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Statins reverse learning disabilities caused by genetic disorder

Date: November 10, 2014

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Source: University of California - Los Angeles Health Sciences

Summary: Neuroscientists discovered that statins, a popular class of cholesterol
drugs, reverse the learning deficits caused by a mutation linked to a
common genetic cause of learning disabilities. The findings were
studied in mice genetically engineered to develop the disease, called
Noonan syndrome.

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A mouse ponders a series of maze entrances, trying to recall which one leads to
Credit: UCLA/Silva Lab

[Click to enlarge image]

CLA neuroscientists discovered that statins, a popular class of

cholesterol drugs, reverse the learning deficits caused by a mutation
linked to a common genetic cause of learning disabilities. Published in
the Nov. 10 advance online edition of Nature Neuroscience, the findings were
studied in mice genetically engineered to develop the disease, called Noonan
The disorder can disrupt a child's development in many
ways, often causing unusual facial features, short
stature, heart defects and developmental delays. No
treatment is currently available.

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"Noonan syndrome affects one in 2,000 people, and up

to half of these patients struggle with learning
disabilities," explained principal investigator Alcino
Silva, professor of neurobiology, psychiatry and
psychology at the David Geffen School of Medicine at

Rett syndrome

Down syndrome
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"Our approach identified the mechanism causing the

disease, as well as a treatment that reversed its effects in adult mice. We are excited

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Possible New Drug Targets for the Genetic

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Nov. 1, 2010 Noonan syndrome is a relatively
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about these findings, because they suggest that the treatment we developed may help
the millions of Noonan patients with intellectual disabilities."

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cells level the learning curve by producing a protein
that combats ... full story

While many genes contribute to Noonan syndrome, a single gene causes about half of
all cases. This gene encodes for a protein that regulates another protein called Ras,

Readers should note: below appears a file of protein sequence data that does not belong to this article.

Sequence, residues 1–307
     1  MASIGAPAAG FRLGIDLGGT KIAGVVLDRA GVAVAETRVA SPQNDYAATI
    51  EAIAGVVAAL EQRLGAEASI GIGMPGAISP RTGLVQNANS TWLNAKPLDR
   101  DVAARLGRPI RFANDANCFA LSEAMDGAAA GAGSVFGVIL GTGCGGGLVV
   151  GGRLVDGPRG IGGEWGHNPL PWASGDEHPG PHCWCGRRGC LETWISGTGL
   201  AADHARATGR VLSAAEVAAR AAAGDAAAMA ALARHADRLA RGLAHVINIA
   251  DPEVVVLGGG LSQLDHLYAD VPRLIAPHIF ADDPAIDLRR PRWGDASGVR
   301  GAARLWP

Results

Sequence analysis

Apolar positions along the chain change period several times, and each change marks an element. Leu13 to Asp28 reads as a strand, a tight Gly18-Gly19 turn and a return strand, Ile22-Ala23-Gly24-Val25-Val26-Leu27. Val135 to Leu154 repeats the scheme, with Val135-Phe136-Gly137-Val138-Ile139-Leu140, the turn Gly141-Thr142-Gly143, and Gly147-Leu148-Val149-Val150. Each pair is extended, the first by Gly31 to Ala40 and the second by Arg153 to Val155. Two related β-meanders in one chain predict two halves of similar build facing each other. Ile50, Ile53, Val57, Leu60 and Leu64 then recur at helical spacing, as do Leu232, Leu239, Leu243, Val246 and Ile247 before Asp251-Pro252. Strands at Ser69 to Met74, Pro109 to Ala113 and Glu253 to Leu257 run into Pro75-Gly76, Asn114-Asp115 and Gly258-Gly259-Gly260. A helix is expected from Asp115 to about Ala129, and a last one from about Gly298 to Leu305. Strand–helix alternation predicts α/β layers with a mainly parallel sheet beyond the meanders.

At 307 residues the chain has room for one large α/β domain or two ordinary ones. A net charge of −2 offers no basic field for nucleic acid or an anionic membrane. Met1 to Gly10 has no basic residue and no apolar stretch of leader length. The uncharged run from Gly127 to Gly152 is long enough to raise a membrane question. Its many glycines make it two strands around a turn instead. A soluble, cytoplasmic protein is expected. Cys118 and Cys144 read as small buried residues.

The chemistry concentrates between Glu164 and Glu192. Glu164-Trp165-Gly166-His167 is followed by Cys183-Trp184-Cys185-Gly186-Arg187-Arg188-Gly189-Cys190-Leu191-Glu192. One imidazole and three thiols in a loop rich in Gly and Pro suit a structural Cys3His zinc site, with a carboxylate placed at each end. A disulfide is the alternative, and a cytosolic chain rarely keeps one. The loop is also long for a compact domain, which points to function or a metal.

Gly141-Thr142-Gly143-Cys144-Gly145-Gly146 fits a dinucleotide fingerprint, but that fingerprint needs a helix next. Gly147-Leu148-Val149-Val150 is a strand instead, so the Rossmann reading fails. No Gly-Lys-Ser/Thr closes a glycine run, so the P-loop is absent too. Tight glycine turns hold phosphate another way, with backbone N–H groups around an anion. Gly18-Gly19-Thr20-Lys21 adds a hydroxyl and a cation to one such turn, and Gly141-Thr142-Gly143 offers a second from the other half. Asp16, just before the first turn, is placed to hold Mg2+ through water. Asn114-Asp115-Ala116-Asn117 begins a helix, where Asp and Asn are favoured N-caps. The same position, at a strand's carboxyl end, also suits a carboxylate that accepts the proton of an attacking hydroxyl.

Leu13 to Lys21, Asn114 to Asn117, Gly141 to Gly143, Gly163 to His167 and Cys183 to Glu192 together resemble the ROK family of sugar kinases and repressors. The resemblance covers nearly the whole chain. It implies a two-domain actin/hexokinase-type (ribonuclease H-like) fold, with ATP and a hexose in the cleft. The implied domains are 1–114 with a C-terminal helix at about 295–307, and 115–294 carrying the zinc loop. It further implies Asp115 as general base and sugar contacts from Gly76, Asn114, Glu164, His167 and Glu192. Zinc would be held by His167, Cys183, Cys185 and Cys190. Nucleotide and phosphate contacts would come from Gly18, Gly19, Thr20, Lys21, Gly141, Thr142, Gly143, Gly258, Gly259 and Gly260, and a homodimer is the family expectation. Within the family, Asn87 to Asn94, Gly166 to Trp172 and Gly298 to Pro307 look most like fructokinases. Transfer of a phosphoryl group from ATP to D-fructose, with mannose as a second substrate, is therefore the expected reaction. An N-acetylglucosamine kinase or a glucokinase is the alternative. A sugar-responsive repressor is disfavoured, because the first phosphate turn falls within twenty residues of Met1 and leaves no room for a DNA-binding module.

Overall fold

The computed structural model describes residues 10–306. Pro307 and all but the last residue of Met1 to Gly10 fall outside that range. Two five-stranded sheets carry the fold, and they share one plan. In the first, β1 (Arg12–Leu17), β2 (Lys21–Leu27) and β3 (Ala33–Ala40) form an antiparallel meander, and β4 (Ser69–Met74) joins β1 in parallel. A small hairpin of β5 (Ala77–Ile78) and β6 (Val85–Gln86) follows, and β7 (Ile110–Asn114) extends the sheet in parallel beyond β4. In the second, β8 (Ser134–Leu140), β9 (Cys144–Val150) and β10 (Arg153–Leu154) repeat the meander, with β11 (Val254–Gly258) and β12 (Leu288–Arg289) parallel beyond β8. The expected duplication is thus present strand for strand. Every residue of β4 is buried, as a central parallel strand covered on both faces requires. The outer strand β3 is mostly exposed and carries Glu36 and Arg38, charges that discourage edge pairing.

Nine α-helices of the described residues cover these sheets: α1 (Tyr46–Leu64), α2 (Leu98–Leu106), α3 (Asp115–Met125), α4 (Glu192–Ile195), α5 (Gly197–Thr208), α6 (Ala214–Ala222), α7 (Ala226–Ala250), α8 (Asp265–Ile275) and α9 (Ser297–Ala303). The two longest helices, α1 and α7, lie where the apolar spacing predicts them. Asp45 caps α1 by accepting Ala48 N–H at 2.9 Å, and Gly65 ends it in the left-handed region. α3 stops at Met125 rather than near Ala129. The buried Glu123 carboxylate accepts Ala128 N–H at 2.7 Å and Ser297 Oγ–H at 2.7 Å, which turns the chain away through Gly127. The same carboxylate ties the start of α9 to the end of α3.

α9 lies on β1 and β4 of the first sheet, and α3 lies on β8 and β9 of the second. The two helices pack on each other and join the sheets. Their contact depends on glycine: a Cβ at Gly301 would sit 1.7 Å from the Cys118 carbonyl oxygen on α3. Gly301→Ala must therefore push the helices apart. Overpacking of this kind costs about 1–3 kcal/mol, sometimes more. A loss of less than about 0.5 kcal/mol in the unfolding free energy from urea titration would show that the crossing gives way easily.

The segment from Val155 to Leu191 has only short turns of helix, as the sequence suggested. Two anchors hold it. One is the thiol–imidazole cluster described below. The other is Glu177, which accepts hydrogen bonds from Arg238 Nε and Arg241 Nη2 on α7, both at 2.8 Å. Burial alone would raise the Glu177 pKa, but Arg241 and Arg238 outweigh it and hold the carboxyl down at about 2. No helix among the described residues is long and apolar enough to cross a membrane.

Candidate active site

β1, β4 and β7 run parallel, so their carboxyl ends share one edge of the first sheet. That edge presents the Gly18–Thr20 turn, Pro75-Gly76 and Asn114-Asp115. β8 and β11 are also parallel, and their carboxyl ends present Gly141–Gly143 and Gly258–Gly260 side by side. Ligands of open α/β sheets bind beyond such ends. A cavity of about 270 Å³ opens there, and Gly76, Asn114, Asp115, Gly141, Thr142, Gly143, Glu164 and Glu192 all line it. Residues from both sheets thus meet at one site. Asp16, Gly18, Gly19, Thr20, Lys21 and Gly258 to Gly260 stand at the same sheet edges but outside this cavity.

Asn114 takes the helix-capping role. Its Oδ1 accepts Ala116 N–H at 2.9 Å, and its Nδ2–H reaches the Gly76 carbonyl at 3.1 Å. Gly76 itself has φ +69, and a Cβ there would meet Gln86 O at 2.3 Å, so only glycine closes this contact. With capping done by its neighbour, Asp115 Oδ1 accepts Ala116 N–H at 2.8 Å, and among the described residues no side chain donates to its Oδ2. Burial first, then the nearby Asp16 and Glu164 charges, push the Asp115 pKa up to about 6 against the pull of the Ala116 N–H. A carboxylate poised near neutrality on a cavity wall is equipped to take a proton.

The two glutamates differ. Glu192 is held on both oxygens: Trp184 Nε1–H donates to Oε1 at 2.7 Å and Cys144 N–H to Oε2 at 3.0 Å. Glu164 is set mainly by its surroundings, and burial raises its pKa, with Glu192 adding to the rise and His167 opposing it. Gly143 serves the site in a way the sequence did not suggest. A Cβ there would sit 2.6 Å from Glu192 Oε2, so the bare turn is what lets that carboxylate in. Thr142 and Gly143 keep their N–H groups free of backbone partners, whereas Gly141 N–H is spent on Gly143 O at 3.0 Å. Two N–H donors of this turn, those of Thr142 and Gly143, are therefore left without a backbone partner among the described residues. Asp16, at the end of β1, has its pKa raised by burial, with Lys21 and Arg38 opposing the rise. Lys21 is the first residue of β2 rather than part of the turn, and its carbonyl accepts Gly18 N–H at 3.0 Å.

which controls how brain cells talk to each other, enabling learning to take place.

more related stories

Working with first author Young-Seok Lee, Silva discovered that the Noonan mutation
creates hyperactive Ras, which disrupts cellular conversations and undermines the
learning process.
"The act of learning creates physical changes in the brain, much like grooves on a
record," said Silva, who is a member of the UCLA Brain Research Institute and UCLA
Integrative Center for Learning and Memory.
"Surplus Ras tips the balance between switching signals on and off in the brain. This
interrupts the delicate cell communication needed by the brain to record learned
"Hyperactive Ras signaling in the brain is to blame for Noonan's neurological and
behavioral symptoms," said Lee, a former UCLA postdoctoral researcher who now runs
his own lab at Chung-Ang University in Seoul, Korea. "An overabundance of Ras
prematurely alters the brain's synapses, leaving no place for the brain to record the
changes necessary for learning."
Drawing upon Silva's previous research with neurofibromatosis 1, another Rasinfluenced disease, the UCLA team treated the mice with lovastatin, an FDA-approved
statin drug currently in wide clinical use.
Here's how it works: statin drugs lower cholesterol by blocking the synthesis of certain
fat molecules that Ras requires to function. The resulting drop in Ras activity allows
brain cells to communicate properly, allowing normal learning to take place.
"Noonan syndrome interferes with the changes in brain cells needed for learning, which
results in learning deficits," Silva said. "Statins act on the root of the problem and
reverse these deficits. This enables the process of learning to physically change the
brain and create memory."
When the UCLA team treated adult Noonan mice with lovastatin, they discovered that
the drop in Ras activity dramatically improved the animals' memory and ability to
remember objects and navigate mazes.
"We were amazed to see that statin treatment restored the adult animals' cognitive
functions to normal. Traditionally, science assumes that therapy needs to start in the
fetal stage to be effective," explained Silva. "Our research suggests that the leading
gene mutation responsible for Noonan syndrome plays critical roles not only in fetal
development, but also in how well the adult brain functions."
According to Silva, UCLA's approach could help the estimated 35 million Americans
who struggle with learning disabilities. The next step will be to bring the drug therapy
into clinical studies for Noonan. For details about trial locations, contact the

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Cite This Page:

Science News



University of California - Los Angeles Health Sciences. "Statins reverse learning

disabilities caused by genetic disorder." ScienceDaily. ScienceDaily, 10 November
2014. <www.sciencedaily.com/releases/2014/11/141110124235.htm>.

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